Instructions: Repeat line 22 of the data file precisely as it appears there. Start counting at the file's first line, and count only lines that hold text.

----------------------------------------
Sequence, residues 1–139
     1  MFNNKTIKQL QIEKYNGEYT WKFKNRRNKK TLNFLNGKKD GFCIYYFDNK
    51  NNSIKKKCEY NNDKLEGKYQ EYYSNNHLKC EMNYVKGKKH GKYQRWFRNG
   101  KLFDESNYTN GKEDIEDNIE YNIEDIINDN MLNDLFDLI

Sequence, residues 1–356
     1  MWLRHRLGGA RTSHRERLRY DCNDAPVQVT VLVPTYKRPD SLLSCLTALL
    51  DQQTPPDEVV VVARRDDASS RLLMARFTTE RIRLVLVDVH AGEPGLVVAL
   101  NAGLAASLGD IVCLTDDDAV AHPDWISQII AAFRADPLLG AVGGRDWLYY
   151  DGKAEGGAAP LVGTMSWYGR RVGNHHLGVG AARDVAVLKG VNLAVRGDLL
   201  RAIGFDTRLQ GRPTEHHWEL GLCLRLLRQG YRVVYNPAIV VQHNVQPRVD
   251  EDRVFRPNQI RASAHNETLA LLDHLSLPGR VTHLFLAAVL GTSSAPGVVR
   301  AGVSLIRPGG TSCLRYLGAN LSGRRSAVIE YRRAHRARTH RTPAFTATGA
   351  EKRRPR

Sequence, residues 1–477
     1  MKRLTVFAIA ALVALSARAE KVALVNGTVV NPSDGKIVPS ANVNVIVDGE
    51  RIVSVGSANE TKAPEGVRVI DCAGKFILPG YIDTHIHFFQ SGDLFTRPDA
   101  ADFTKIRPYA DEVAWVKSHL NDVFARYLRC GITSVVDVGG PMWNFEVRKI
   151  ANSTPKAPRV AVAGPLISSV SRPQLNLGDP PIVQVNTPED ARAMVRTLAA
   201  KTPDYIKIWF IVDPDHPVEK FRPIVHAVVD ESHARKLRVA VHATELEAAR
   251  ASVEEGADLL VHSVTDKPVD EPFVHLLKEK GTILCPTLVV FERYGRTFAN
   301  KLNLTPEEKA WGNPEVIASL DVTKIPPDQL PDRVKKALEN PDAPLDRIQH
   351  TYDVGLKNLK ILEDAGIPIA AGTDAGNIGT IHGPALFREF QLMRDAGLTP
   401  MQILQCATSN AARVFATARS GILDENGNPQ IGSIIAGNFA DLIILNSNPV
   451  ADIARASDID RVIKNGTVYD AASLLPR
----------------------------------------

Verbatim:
   351  TYDVGLKNLK ILEDAGIPIA AGTDAGNIGT IHGPALFREF QLMRDAGLTP